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    Much of the research on the contribution of screen time, sedentariness, food consumption and other factors comes from cross-sectional or longitudinal studies, where researchers essentially describe correlations and statistical “effect sizes”. To be at all meaningful, analyses in such studies need to be adjusted for known (or at least likely) confounders (or at least the confounders that happen to available). No matter how you turn and wind the data, such studies by definition cannot prove causality or (even less likely) predict the outcome of actual intervention studies. Nevertheless, such studies can be helpful in generating hypotheses. Thus, for example, I read with interest the recent paper by Lei Shang and colleagues from the University of Laval, Quebec, Canada, published in Preventive Medicine Reports. The researchers looked at cross-sectional data on 630 Canadian children aged 8-10 years with at least one obese biological parent. While the overall median daily screen time was about 2.2 hours, longer screen time was associated with higher intake of energy (74 kcal) and lower intake of vegetables & fruit (- 0.3 serving/1000 kcal). This unhealthy “effect” of screen time on diet appeared even stronger among children with overweight. Thus, there is no doubt that the study shows that, “Screen time is associated with less desirable food choices, particularly in overweight children.” The question of course remains whether or not this relationship is actual causal or in other words, does watching more television lead to an unhealthier diet (I am guessing no one assumes that eating an unhealthier diet leads to more TV watching). Unfortunately, this is not a question that can be answered by this type of research. Nor, is this type of research likely to predict whether or not reducing screen time will get the kids to eat better. Indeed, it doesn’t take a lot of imagination to come up with other explanations for these findings that would not require any assumption of a causal link between eating behaviours and television watching. For one, TV watching could simply be a surrogate measure for parenting style – perhaps parents that let their kids watch a lot of TV are also less concerned about the food they eat. And, for all we know, reducing TV time may (e.g. by cutting the kids off from TV – or cutting the parents off from a convenient babysitter) in the end make the kids eating behaviours even worse. Who knows – that’s… Read More »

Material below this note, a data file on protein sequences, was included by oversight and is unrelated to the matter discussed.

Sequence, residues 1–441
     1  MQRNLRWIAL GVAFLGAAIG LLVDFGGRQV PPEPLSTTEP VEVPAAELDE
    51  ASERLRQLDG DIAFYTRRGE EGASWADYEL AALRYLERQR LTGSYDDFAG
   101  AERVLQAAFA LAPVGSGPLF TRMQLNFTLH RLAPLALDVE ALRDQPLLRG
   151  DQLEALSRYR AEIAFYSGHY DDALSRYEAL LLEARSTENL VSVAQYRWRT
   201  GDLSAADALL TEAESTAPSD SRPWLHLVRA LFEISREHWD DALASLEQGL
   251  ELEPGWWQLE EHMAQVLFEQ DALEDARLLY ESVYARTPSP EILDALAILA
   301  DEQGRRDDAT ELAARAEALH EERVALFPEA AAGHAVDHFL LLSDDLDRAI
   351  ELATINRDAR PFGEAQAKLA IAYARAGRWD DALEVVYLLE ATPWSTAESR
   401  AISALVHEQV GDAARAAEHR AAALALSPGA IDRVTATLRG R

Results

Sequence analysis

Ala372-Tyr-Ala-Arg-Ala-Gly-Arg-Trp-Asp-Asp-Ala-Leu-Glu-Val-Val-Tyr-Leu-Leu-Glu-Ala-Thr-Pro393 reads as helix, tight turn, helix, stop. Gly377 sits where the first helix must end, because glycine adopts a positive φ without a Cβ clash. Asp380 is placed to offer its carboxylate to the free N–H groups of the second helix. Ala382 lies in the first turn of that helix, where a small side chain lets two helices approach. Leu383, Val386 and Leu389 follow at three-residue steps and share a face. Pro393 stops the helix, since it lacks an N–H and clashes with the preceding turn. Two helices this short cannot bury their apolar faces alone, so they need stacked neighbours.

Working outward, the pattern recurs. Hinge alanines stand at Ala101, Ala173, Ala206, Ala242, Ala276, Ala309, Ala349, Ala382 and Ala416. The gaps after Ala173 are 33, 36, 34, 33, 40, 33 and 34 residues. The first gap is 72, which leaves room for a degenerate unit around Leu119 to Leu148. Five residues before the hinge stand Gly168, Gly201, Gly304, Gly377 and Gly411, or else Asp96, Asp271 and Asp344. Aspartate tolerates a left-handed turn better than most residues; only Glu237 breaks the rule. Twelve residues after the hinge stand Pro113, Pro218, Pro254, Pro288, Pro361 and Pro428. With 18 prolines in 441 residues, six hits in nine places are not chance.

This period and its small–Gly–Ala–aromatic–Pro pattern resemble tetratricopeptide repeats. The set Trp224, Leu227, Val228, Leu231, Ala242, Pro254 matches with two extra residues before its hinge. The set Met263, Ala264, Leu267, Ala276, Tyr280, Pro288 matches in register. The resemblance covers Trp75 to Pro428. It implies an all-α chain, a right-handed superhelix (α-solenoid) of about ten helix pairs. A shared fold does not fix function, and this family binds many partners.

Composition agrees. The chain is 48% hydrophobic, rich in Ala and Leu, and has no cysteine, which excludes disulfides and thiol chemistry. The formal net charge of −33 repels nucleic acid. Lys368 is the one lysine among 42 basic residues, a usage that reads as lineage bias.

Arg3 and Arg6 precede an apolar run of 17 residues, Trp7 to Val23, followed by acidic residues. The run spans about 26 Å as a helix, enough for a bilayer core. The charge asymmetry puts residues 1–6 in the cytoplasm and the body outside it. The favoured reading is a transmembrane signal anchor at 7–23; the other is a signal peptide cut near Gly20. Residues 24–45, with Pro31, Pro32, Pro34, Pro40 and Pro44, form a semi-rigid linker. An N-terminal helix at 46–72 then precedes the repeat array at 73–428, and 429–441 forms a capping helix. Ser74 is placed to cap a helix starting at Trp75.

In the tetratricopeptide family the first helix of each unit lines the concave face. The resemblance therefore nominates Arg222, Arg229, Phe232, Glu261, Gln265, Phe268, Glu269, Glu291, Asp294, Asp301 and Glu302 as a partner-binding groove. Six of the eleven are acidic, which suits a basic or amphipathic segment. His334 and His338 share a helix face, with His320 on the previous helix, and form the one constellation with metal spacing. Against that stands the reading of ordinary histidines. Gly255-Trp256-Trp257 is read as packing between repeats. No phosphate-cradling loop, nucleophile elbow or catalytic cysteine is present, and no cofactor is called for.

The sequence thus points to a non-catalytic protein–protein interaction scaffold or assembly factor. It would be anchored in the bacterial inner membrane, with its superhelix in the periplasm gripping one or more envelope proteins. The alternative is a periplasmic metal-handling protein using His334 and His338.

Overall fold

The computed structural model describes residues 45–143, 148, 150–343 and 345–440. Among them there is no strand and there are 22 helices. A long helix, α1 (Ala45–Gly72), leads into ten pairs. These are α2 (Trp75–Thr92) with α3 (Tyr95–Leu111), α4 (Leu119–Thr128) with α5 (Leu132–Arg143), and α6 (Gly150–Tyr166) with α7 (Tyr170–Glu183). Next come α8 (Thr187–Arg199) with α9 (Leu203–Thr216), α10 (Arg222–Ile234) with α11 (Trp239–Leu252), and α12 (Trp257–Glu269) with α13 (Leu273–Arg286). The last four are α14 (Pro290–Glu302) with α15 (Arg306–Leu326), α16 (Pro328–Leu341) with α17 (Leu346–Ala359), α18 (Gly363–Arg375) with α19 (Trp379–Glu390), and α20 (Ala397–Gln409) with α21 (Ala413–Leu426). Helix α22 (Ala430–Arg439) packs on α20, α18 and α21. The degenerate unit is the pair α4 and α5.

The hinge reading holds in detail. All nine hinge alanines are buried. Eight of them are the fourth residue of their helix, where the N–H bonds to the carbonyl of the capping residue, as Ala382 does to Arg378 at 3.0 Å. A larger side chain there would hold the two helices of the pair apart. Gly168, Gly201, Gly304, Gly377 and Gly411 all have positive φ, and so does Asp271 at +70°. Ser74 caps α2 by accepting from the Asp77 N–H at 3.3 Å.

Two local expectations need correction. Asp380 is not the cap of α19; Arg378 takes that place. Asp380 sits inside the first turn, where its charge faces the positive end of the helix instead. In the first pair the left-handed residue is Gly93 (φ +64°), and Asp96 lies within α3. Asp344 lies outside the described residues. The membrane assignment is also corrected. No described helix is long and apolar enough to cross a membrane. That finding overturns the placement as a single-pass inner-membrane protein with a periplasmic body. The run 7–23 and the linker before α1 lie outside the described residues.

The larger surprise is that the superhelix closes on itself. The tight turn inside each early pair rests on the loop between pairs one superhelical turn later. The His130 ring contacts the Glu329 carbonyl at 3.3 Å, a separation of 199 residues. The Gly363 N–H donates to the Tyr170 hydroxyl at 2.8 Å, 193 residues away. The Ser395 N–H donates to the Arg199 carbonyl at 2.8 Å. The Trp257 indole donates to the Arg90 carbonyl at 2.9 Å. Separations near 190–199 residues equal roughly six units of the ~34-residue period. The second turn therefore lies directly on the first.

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  • 05/25/16--05:00: Stretching The Rubber Band
  • I remember as a kid having a pair of pyjamas that were held up by an elastic rubber band. It must have been a pretty cheap rubber band, because every few months it would wear out and lose its stretch, so it had to be replaced it with a new band. Unfortunately, this is not what can be said about the rubber band that I used in my recent TEDx talk to demonstrate what happens when you try to lose weight. Unlike the cheap band in my pyjamas, the rubber band I used to represent our physiology trying to gain the weight back, never seems to lose its stretch. No matter how hard or how long we pull, the rubber band keeps wanting to bring our weight back to where we started. Yes, perhaps for some people, eventually the rubber band may relax (these would certainly be the exceptions) or may be the “muscles” that we use to pull on the band just grow stronger, which makes it seem easier to keep up the pull – but for all we know, in most people, this “rubber band” is of pretty good quality and seems to last forever. So, how do we take the tension out of the rubber band ? Well, we do know that people who have bariatric surgery have a much better chance of keeping the weight off in the long-term and we now understand that this has little to do with the “restriction” or the “malabsorbtion” resulting from these procedures but rather from the profound effect that this surgery has on the physiology of weight regain. Thus, we know that many of the hormonal and neurological changes that happen with bariatric surgery, seem to inhibit the body’s ability to defend its weight and perhaps even appears to trick the body into thinking that its weight is higher than it actually is. In other words, bariatric surgery helps maintain long-term weight loss by reducing the tension in the rubber band, thus making it far easier for patients to maintain the “pull”. And that is exactly how we think some of the anti-obesity medications may be working. For example, daily injections of liraglutide, a GLP-1 analogue approved for obesity treatment, appears to decrease the body’s ability to counteract weight loss by reducing hunger and increasing satiety, thus taking some of the tension out of that band. Think of it as sprinkling “magic dust” on that rubber band to reduce the… Read More »